|19: Stitch to Stitch
or Horizontal Seams
The first seam
you have to work can occur before you have knitted all the
pieces that make up the garment. If you are knitting a sweater,
cardigan or jacket with sleeves that are picked up around the
armholes and then knitted to the cuff, you will need to join the
shoulder seams before you can work the sleeves. As the shoulder is
usually a cast-off row, you will be joining stitch to stitch, making
a horizontal seam.
Because shoulder seams are in the area of the face they are very
obvious, and so it will be equally obvious if they are joined badly.
Unless the neck of a sweater is knitted separately and then sewn in
place, you will have to join one shoulder seam, then work the neck,
(see here) then join the second shoulder seam. Other methods are
to join both shoulder seams and then work the neck with double
pointed needles, or work the neck in two separate pieces.
The simplest shoulder shaping is worked by
casting off a row of stitches. Leave an end long enough to use for
the seam. If you have knitted correctly, the number of stitches on
each shoulder should be the same, so it should be very easy to work
a shoulder seam by matching stitch to stitch on each shoulder. This
sounds simple, and so it should be.
Some knitters backstitch the shoulder seam with the wrong side
facing. This does the job, the pieces are joined, but as it is
almost impossible to match the stitches from the wrong side, it will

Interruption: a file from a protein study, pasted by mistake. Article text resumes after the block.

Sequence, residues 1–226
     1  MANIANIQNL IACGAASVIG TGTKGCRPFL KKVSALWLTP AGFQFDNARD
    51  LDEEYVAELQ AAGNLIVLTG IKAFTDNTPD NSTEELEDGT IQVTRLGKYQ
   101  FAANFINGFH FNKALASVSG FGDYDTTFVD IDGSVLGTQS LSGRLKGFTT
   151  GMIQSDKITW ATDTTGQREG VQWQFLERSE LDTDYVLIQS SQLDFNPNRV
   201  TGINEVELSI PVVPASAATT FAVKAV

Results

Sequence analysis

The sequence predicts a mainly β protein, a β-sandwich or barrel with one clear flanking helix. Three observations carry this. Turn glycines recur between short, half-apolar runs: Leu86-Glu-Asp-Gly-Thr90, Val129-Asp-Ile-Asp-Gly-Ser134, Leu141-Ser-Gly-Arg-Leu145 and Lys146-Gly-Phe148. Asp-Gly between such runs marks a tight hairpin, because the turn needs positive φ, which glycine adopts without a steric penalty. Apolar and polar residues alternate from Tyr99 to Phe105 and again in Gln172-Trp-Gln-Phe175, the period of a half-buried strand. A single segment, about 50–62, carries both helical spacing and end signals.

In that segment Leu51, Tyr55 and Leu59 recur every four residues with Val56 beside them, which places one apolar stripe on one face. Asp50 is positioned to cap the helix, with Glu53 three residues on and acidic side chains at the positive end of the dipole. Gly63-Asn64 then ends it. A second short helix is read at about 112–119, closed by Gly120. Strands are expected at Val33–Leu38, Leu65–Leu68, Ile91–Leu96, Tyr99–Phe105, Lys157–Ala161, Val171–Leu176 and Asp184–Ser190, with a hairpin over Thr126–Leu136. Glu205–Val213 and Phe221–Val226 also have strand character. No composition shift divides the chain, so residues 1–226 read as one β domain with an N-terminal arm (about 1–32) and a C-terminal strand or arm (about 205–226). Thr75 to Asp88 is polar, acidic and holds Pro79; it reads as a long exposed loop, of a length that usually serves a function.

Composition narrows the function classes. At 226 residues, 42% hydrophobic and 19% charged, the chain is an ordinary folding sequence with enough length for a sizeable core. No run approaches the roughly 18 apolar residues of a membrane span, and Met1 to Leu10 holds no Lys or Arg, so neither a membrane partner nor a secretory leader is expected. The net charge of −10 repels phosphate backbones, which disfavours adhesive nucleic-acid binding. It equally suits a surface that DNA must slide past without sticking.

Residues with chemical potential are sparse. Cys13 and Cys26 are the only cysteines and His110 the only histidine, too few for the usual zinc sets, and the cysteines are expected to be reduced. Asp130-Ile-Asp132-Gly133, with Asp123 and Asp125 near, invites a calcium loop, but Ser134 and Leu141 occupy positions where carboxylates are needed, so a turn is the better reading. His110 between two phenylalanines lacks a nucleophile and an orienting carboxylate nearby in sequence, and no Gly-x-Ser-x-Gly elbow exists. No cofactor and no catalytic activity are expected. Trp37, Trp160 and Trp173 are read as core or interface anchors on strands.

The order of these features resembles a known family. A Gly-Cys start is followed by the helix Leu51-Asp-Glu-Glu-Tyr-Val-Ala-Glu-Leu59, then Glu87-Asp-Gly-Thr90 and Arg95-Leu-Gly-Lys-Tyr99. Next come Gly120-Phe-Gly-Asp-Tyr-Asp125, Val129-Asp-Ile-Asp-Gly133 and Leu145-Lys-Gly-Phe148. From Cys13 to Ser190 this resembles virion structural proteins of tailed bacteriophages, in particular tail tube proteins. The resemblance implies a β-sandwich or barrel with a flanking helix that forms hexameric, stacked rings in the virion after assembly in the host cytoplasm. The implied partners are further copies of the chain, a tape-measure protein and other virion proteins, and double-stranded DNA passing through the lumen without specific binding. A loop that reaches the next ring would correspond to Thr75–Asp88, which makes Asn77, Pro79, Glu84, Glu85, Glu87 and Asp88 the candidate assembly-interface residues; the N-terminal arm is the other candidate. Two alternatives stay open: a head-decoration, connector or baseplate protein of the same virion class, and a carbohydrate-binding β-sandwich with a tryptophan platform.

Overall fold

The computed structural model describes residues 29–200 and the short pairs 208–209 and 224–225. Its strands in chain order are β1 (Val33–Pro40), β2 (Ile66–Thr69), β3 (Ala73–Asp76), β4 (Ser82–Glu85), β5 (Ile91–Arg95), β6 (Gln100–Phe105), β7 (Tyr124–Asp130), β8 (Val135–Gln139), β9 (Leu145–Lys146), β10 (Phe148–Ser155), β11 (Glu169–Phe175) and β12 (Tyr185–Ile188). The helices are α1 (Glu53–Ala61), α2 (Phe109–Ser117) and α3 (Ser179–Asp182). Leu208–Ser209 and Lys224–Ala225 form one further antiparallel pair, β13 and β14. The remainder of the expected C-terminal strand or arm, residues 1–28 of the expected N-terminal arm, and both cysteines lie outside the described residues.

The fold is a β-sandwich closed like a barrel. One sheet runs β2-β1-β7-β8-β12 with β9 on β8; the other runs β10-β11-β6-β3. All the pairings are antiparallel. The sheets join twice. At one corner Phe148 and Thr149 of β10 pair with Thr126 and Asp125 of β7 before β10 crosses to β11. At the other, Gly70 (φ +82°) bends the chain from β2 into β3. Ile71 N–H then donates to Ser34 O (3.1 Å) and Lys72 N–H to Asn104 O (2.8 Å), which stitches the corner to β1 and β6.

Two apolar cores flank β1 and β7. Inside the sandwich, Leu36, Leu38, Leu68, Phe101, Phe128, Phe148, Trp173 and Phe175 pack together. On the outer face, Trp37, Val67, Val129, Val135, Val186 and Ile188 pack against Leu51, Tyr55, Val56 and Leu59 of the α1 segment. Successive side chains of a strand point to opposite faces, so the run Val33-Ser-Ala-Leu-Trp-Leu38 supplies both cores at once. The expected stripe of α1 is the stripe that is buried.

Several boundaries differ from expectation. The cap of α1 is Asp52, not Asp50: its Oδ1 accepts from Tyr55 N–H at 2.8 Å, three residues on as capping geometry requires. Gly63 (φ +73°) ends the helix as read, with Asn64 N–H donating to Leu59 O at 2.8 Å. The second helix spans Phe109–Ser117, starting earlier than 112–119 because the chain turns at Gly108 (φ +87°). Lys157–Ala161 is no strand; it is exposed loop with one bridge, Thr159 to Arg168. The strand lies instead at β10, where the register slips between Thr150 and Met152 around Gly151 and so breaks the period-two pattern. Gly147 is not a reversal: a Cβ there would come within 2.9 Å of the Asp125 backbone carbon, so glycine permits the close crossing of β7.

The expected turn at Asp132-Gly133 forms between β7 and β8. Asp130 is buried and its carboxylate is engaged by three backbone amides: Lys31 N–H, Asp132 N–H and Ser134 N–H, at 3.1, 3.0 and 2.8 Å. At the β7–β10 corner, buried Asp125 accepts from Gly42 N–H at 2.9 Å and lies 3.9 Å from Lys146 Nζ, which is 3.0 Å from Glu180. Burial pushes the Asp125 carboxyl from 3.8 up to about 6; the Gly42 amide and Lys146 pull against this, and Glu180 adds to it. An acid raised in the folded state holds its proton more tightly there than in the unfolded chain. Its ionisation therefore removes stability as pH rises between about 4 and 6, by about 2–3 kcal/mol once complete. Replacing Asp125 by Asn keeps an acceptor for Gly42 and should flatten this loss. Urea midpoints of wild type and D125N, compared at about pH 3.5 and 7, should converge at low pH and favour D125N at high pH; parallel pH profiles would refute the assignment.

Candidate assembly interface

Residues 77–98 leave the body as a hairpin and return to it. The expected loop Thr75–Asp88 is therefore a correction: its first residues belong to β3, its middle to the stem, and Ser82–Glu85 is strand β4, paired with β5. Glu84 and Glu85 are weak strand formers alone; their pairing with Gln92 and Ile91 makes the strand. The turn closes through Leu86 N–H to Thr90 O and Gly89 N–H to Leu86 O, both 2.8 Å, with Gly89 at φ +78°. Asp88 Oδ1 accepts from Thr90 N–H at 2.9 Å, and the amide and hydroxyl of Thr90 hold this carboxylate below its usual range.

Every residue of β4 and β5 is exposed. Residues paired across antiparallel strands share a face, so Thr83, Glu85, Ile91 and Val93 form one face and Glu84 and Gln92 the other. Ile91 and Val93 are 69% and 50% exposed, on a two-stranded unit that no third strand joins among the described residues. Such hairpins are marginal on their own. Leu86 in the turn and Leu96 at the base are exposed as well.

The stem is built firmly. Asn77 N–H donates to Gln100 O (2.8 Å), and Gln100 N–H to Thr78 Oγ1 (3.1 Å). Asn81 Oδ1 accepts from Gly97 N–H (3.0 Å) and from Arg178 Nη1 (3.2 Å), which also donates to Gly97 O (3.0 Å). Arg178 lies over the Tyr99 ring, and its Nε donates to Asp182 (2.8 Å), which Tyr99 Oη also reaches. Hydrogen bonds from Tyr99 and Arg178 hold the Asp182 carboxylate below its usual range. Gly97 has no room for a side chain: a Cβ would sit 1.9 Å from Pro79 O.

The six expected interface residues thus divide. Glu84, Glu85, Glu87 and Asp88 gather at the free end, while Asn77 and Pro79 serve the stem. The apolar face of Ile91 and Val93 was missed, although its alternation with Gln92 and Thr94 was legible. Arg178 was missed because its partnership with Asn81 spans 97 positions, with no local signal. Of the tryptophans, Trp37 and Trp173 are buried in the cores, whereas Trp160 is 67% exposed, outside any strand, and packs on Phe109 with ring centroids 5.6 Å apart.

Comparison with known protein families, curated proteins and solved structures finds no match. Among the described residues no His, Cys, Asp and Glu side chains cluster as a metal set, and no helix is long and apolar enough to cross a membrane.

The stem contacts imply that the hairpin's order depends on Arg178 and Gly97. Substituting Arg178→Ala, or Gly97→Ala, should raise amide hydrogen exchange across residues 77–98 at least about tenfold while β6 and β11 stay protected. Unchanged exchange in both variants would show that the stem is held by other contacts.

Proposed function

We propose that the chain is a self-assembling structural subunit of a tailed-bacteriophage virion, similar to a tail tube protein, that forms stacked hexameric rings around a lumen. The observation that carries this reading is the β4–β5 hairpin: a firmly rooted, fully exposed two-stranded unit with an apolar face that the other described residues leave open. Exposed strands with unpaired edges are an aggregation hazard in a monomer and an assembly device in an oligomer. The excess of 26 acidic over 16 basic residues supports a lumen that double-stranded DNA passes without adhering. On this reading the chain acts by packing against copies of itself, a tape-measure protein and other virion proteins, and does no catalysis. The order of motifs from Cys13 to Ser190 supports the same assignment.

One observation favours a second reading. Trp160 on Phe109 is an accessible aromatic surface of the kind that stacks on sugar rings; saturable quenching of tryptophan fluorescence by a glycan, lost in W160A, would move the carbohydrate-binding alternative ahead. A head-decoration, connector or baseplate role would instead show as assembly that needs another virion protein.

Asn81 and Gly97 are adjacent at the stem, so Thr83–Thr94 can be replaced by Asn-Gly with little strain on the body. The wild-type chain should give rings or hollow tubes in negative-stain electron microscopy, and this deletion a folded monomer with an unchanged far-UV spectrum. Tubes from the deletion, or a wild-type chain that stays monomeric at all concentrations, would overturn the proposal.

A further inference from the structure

be hard to get a perfectly matched seam.
To match the stitches, place the two pieces, right side facing, into
position ready to join. If you have knitted from hem to shoulder,
the stitch is a V shape, but when one piece is above the other ready
to be joined, the V shape of the stitches is reversed on the top
piece. If you have cast off with the right side facing, the long end
will be at the right hand side of the top piece [pic 1,2].
1: (left) Pieces in position to begin cast-off row to
cast-off row seam.
2: (right) V and inverted V stitch
Joining an almost invisible shoulder seam is
very easy. The trick is to ignore the cast off row. It is only there
to stop the stitches below it from unravelling, and there is no need
to include it in the shoulder seam. The stitches you will use for
the seam are the stitches of the last row before the cast-off row.
There are two ways to join this seam. The first one I will explain
is very good and hard to beat, the second way is my extra-fussy
The first stitch, on the right edge of the lower piece is in the
shape of a V. Using the thread from the top piece, place the needle
behind the first stitch under the cast-off row on the lower piece
from right to left, and bring the needle and thread through to the
front of the work [pic 3].
3: Using thread from top piece, place needle from
right to left behind first entire stitch and bring thread through to
front of work.
NEXT PAGE >>
chapter page: 1 | 2 |
3 | 4 |
5 | 6 |